Videos of the Day: South Korea Signs Deal to Pay More for US Troops After Request From Trump

February 10, 2019 Updated: February 10, 2019

South Korea will pay $60 million more for the upkeep of U.S. troops on its territory after President Donald Trump requested a boost in contribution from Seoul.

The two nations signed a short-term deal in Seoul on Feb. 10, which will increase South Korea’s annual bill by 6.75 percent to $890 million.

South Korean Foreign Minister Kang Kyung-wha and Timothy Betts, acting Deputy Assistant Secretary and Senior Advisor for Security Negotiations and Agreements in the U.S. Department of State, talk during their meeting at Foreign Ministry in Seoul, South Korea, February 10, 2019. (Lee Jin-man/Pool via Reuters)

The South Korean Parliament still has to approve the agreement before it becomes final but South Korean Foreign Minister Kyung-wha said, the response had “been positive so far.”

Kang said:  “I think at this point, we will be able to close the gap on the total amount of the number and that I think very much to the goodwill and the trust that two sides have built over the past years.”

The U.S. State Department senior adviser for security negotiations and agreements, Timothy Betts, met Kang before signing the agreement on behalf of the United States.

Timothy Betts, State Department Senior adviser for Security Negotiations and Agreements, said: “The United States government realizes that South Korea does a lot for our alliance and for peace and stability in this region”.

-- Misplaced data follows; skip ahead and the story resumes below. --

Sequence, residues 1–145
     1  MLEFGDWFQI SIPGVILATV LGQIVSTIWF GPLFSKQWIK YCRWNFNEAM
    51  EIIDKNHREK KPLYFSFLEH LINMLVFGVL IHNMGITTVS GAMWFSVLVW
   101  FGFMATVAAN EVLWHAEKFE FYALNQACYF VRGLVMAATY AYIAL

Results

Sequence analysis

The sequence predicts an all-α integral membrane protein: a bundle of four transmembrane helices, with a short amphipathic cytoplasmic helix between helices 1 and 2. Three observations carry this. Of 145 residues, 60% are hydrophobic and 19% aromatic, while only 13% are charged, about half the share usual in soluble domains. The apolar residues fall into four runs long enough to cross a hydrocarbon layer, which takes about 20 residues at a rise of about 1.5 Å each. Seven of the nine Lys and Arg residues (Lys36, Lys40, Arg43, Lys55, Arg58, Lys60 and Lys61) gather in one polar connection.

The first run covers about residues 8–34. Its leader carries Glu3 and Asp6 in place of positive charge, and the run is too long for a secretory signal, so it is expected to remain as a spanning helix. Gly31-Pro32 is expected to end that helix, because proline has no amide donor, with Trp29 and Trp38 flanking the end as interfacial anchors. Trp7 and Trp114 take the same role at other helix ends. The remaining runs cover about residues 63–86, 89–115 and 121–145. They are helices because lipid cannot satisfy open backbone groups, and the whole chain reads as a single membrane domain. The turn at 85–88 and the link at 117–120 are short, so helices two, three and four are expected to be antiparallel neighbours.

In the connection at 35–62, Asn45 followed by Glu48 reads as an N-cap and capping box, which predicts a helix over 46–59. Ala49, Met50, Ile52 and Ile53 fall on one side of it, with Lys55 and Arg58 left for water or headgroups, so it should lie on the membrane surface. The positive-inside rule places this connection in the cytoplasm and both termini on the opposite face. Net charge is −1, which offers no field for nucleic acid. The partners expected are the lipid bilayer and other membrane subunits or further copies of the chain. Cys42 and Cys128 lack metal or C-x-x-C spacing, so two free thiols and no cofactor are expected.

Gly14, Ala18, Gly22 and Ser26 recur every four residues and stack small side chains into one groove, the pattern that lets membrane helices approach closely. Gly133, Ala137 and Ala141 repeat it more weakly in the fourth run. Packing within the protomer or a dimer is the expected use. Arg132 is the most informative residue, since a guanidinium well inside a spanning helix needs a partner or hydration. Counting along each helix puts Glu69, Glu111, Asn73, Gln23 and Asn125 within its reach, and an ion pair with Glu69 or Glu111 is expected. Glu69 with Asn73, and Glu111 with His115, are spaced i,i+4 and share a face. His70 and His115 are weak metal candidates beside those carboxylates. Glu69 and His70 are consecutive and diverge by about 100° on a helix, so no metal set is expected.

About 28,500 U.S. troops are currently stationed in South Korea where the United States has had a military presence since the 1950-53 Korean War.

U.S. army soldiers take part in a military exercise at a training field near the demilitarized zone separating the two Koreas in Paju, South Korea, February 7, 2016. (Kim Hong-Ji/Reuters)

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Snowstorm Buries Pacific Northwest, With More on the Way

Residents of the Pacific Northwest took to neighborhood hills with skis, sleds, and laundry baskets on Feb. 9 to celebrate an unusual dumping of snow in a region more accustomed to winter rain.

sledding in seattle
Beckett Luthi, 9, and his father Chris Luthi sled near their home in West Seattle on Feb. 8, 2019. (Erika Schultz/The Seattle Times via AP)

Residents cleared out grocery store shelves and left work early Friday afternoon, Feb. 8, as the storm arrived. More than a foot of snow was recorded by Saturday morning, Feb. 9, on the Olympic Peninsula, in the nation’s latest bout of winter weather.

In Tacoma, hundreds of people turned out for a snowball fight in a park after someone who lives nearby suggested it on Facebook. They took cover behind picnic tables and used their sleds as shields.

Local resident Stacy in Tacoma, initiated a snowball fight event on facebook in Wright Park, Tacoma, Feb. 10, 2019 (Image via AP)

Stacy Stevens, the snowball fight organizer, had only decided one day earlier to initiate the snowball fight on Facebook. She said: “I decided yesterday to host, or to just start the rumor that there is a snowball fight today, and I spread the rumor and now everyone came and it’s amazing.

“Three thousand people said they were interested on Facebook but I have no idea, it’s amazing, everyone’s having a blast!”

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